Sunday, 27 September 2015

The Timbergetters



The Timbergetters

No history of Warrimoo in the 1920’s would be complete without reference to the main industry carried out on the northern side during this time, “Timbergetting” or “Logging”.[1]

The area covered by logging activities ran from the rear of Cross Street and Warrimoo Oval across Long Angle Gully to Sun Valley and Singles Ridge Road, which contains rich volcanic soils. The combination of soil fertility, moisture from water sources and sunbeam direction gives this part of Warrimoo some very unique and impressive vegetation, most especially tall, straight timbers.

 
The magnificent 'Mountain Blue Gum' (Eucalyptus Deanei)--a feature of any bushwalk on the northern side of Warrimoo, and the principal target of early Loggers such as the Baxter Brothers
Trees most prized were the ‘Mountain Blue Gum’ (Eucalyptus Deanei—so named after the Railways Engineer who designed much of the Blue Mountains railroad, including the Newnes tunnels, Henry Deane); the ‘Cabbage Gum’ (Eucalyptus Amplifolia), and the turpentine (Syncarpia Glomulifera), a row of which now grows on the Great Western Highway between Warrimoo and Blaxland.

 
'Mountain Blue Gum' from a distance. You can see why they were so prized for telegraph and electricity poles. They occupy a special part of the Blue Mountains Significant Tree Register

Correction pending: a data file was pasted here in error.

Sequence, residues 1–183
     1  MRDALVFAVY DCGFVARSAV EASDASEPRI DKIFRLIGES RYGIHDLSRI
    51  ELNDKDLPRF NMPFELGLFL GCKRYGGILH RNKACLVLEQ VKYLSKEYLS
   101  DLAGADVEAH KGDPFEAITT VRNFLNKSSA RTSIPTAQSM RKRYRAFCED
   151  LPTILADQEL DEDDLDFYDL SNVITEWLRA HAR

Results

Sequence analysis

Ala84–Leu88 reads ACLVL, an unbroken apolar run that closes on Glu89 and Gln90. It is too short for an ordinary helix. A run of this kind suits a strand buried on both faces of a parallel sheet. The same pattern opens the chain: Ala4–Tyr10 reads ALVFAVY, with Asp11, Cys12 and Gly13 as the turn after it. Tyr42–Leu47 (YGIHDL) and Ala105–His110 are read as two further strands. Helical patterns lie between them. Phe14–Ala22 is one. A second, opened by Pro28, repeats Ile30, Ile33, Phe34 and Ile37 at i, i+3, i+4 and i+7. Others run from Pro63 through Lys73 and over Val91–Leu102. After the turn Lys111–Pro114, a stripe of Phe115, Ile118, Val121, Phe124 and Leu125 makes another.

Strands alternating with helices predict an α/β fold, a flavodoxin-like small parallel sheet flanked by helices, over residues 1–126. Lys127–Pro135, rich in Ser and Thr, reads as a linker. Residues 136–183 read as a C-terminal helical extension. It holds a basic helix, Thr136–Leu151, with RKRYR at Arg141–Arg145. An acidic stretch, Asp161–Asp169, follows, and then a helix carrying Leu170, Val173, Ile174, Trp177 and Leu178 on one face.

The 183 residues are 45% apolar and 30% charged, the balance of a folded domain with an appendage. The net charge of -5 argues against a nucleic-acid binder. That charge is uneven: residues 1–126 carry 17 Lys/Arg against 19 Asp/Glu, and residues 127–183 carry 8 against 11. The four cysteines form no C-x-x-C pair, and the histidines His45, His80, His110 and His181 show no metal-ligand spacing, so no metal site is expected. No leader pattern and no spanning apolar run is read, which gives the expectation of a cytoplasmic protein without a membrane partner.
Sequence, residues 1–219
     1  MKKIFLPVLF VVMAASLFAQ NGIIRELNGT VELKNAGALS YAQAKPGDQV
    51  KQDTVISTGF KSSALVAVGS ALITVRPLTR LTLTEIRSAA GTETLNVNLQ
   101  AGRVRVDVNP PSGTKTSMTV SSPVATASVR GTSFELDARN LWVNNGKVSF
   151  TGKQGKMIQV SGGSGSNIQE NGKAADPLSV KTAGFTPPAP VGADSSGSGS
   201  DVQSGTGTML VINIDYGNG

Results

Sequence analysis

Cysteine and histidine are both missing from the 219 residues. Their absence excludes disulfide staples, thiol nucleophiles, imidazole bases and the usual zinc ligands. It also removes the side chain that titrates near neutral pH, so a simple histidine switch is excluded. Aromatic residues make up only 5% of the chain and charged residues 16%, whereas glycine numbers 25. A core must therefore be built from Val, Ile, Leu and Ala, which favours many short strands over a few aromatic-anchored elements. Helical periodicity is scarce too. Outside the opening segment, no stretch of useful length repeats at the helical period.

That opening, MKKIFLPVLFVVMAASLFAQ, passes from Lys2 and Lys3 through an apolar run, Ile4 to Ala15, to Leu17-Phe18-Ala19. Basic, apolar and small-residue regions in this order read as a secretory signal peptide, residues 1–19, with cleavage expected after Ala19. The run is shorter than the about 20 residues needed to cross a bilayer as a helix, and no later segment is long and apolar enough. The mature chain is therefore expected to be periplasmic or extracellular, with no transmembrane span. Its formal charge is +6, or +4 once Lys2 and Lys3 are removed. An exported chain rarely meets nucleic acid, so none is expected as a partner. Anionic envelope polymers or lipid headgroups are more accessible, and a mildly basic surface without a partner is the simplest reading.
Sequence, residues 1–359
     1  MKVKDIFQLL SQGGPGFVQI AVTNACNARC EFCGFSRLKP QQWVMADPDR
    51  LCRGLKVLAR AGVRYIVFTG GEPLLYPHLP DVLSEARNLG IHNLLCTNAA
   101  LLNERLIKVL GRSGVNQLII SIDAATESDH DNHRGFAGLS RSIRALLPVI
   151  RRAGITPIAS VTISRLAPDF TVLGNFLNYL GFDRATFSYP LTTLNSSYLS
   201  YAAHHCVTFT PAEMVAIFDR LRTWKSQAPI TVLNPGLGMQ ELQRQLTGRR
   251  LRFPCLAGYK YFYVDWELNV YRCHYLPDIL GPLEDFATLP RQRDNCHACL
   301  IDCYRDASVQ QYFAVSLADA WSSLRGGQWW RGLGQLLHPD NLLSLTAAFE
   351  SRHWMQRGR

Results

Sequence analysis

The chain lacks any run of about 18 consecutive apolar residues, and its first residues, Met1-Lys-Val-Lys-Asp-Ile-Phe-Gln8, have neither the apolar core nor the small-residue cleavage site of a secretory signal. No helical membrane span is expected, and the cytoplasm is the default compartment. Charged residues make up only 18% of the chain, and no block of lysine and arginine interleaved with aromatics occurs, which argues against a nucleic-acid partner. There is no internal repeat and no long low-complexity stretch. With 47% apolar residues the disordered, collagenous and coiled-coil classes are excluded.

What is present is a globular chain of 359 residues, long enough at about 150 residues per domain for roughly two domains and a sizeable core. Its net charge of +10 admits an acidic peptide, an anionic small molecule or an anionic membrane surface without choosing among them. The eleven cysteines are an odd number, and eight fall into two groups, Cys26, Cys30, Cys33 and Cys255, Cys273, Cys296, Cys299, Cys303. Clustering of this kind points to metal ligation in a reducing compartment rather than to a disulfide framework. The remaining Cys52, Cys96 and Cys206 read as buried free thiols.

The Mountain Blue Gum is a stunning and magnificent tree. So valuable is its preservation in the ‘Mountains that bush regenerators have worked hard restore its habitat in the present-day ‘Deanei Forest’, which can be found surrounding the Council Depot at Springwood, just off Hawkesbury Road. Clearly, the timber derived from the Eucalyptus Deanei is tall, straight, and hard.
 
Henry Deane (1847-1924)--the tree was named after him in 1904, when he was Engineer-in-Chief of  construction for the NSW Railways, and a keen amateur botanist
 At the turn of the century government institutions required such timber for products like railway sleepers and telegraph/electricity poles. Thus evolved the enterprises of two timbergetting families, the Goddard and Baxter brothers, the latter of whom lived on Singles Ridge Road.

The Loggers cut trails down into the valleys and hauled logs out by bullock teams. Bruce Cameron provides some details:

‘At one stage the Baxters used a light rail system to remove logs to a ridge-top saw mill driven by a boiler, near Rickard Road, Warrimoo. They also operated a bush saw mill built by the Goddard brothers (c. 1918), near the present day Springwood Golf Course. This was close to their home in Singles Ridge Road, where another sawmill operated. A mill was also located in the vicinity of the (old) Sun Valley Nursery, near the highway.

 
The Goddards and Baxters used boilers such as this to provide the steam power for saw mills set in the bush at Warrimoo, Sun Valley and elsewhere